My 10% Income Portfolio: A Summer Reset

Sep. 02, 2022 1:06 PM ETAB, ARCC, BST, CCAP, CCD, CGO, EOS, ETO, EVT, GLDI, GOF, HTD, JEPI, PCN, PDI, PDT, PTY, QYLD, RQI, RVT, RYLD, SLVO, SPE, SSSS, USOI, UTF, UTG, XFLT, XYLD67 Comments
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Guido Persichino
2.74K Followers

Summary

  • August was a month of significant changes in the structure of my overall portfolio, which now contains 22 securities.
  • Thanks to the gain from the last securities that I purchased in the spring, I was able to close all previous positions that had been showing a continuous loss.
  • The yield of my overall portfolio, thus lightened, has decreased to 9.5% but with a much more balanced composition.
  • Let’s look in detail at the transactions carried out and my rationale for the changes.

Pinocchio in piedi su una pila di dollari USA

malerapaso/iStock via Getty Images

Pinocchio and the Doctors

Pinocchio is the title of a children’s fantasy novel by Carlo Collodi, the pen name of Carlo Lorenzini, a Florentine author who lived during the 19th century. The main character, Pinocchio, is a marionette who gains wisdom through a series of misadventures that lead him to becoming a real human as the reward for his good deeds. Originally published in a serial form between 1881 and 1882, the book has been translated into as many as 260 languages worldwide, thus reaching every corner of the earth.

Nearly everyone knows the adventures of Pinocchio, also thanks to the Disney film version, which have become as proverbial as the characters that accompany him; from the Talking Cricket to the Fox and the Cat, from the Turquoise-haired Fairy to the Fire-Eater, from Geppetto to Candlewick. These are characters we loved in our childhood and whose teachings stay with us throughout our lives.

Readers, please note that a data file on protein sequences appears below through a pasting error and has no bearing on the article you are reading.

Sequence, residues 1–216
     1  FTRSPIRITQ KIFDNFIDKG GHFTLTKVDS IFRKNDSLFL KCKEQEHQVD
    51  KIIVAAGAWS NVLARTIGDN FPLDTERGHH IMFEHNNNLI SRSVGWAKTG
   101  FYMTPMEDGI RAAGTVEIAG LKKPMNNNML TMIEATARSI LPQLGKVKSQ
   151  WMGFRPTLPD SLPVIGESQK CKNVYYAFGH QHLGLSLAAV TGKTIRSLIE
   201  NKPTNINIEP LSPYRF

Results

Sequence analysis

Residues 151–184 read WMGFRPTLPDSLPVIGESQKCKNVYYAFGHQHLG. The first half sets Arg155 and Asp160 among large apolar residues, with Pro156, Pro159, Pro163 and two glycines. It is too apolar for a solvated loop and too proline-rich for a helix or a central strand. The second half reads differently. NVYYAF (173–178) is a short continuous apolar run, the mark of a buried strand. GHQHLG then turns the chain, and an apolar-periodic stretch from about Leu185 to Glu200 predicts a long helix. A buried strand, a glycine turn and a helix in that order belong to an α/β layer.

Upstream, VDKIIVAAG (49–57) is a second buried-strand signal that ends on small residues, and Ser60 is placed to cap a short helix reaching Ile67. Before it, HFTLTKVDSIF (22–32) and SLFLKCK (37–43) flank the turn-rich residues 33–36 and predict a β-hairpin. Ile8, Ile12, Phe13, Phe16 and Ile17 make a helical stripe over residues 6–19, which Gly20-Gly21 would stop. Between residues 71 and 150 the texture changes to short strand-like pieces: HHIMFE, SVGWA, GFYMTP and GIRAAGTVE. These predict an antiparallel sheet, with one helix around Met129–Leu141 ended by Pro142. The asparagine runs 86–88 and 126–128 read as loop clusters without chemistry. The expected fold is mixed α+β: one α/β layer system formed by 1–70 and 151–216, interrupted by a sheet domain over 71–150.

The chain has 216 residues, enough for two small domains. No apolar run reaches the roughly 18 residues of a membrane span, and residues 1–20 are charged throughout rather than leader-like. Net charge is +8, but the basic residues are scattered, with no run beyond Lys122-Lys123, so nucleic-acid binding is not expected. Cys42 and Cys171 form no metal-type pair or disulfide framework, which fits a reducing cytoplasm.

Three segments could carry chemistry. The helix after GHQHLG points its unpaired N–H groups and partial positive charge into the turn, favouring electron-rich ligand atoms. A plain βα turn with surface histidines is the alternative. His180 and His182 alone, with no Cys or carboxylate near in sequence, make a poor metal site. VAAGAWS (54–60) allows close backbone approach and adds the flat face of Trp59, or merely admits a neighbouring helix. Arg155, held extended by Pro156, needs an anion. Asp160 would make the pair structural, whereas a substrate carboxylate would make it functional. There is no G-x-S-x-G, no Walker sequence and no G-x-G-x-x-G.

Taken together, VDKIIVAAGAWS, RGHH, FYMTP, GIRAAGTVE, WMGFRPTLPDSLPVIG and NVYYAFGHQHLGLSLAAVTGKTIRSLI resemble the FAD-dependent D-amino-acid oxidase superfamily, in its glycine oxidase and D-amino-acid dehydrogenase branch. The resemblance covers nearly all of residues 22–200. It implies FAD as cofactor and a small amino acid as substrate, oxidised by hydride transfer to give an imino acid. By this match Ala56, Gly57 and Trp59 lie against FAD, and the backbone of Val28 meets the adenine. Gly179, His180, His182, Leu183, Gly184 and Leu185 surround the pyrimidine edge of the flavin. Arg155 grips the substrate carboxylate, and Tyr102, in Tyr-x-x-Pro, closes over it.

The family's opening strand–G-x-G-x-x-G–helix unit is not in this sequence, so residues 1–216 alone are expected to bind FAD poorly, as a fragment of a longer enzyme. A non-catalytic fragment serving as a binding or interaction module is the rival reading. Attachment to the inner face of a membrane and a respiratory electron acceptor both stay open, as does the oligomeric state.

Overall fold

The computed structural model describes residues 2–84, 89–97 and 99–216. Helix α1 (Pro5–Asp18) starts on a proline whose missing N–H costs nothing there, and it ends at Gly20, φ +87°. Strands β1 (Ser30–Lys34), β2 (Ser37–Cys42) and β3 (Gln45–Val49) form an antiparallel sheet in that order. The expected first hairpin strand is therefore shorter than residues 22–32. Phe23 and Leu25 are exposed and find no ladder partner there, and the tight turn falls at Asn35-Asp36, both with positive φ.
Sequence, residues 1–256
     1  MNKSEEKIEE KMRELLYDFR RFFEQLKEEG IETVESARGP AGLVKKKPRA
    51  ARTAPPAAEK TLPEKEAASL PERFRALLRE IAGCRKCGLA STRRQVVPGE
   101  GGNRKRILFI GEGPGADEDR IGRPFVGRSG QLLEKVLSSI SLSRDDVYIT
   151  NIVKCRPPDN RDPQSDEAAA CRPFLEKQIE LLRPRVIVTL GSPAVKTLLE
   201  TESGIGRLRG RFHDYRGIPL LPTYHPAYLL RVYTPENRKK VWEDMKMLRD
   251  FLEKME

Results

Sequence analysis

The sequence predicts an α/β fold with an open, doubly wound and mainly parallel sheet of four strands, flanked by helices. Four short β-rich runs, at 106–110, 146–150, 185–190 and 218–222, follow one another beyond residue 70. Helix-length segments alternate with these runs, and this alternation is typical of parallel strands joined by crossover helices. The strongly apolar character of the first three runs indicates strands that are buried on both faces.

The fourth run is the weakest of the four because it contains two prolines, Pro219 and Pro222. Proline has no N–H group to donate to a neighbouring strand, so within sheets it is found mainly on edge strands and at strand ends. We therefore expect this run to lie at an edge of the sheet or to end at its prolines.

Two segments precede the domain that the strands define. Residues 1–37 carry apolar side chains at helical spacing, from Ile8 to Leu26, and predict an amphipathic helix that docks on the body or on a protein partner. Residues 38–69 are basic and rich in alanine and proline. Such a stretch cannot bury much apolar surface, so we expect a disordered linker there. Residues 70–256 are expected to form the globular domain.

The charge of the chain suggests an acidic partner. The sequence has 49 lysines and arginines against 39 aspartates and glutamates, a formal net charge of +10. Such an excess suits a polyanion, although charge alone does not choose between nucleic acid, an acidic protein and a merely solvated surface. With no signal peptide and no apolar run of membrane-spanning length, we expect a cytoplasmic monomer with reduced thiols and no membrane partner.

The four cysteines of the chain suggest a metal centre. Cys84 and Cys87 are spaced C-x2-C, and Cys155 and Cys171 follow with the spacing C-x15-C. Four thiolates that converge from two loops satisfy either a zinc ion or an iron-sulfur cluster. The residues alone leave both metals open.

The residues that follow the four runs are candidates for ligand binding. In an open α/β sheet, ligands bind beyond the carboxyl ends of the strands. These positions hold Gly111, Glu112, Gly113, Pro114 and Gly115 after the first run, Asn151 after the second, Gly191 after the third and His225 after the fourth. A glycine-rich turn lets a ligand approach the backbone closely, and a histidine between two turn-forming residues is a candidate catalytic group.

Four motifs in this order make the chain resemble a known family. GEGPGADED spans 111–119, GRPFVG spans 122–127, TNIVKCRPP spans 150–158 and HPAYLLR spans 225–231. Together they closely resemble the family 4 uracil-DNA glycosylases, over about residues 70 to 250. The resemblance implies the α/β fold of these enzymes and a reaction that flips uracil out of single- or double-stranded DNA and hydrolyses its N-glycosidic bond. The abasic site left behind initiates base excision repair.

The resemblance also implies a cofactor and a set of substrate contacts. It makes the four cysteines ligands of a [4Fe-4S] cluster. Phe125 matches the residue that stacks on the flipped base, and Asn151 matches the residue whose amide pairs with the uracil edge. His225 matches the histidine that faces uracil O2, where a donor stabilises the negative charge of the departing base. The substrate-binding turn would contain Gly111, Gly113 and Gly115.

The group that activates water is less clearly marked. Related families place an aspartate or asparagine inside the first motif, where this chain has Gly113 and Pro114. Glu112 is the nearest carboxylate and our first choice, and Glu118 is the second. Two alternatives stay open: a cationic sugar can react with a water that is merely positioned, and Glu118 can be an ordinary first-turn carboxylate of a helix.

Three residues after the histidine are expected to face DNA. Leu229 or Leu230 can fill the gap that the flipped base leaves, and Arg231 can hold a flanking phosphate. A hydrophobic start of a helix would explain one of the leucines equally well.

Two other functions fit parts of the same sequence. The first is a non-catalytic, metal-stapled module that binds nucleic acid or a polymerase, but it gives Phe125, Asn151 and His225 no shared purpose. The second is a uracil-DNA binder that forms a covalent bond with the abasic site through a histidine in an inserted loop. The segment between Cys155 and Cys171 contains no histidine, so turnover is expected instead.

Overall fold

There is one passage in the book that is personally dear to me because it is linked to the memory of my father. In the sixteenth chapter, the Turquoise-haired Fairy recovers the body of poor Pinocchio from an ambush and hanging by the Fox and Cat. The Fairy puts him to bed and calls three doctors to find out whether he is dead or alive. The three doctors are a Crow, an Owl and the Talking Cricket.

The Crow, stepping forward first, feels Pinocchio’s pulse, then his nose and finally his little toe. After feeling these, he solemnly utters these words: “To my mind, this Marionette is dead and gone; but if, by any evil chance, he were not, then that would be a sure sign that he is still alive!”

“’I am sorry,’ said the Owl, ‘to have to contradict the Crow, my famous friend and colleague. To my mind this Marionette is alive; but if, by any evil chance, he were not, then that would be a sure sign that he is wholly dead!’”

As a child, whenever I was sick, my father invariably pronounced aloud the two opposing diagnoses of the Crow and the Owl, and then left me in bed while walking away laughing.

The Crow, the Owl and the Talking Cricket

Today I still seem to hear my father laughing heartily behind my back when I read forecasts of economic and financial market trends amid pronouncements of imminent recessions, unstoppable collapses, or on how to secure one’s savings by selling everything before it’s too late.

“The Marionette is dead and gone; but if, by any evil chance, he were not, then that would be a sure sign that he is still alive…” Crows, owls and talking crickets have been competing for months to diagnose the market’s imminent demise, as in the case of poor Pinocchio, and in the meantime many stocks have silently risen, temporarily recovering from lows.

Even the dollar, despite various “Cassandras” announcing its imminent and inexorable end, has slowly climbed to 20-year highs against the euro. A recent Financial Times article, dated August 28, announced that “A post-dollar world is coming.” So, as I am expecting to see the dollars in my account evaporate, I took the opportunity in August to do a healthy reset of my portfolio by getting rid of some of the ballast accumulated over the past few years.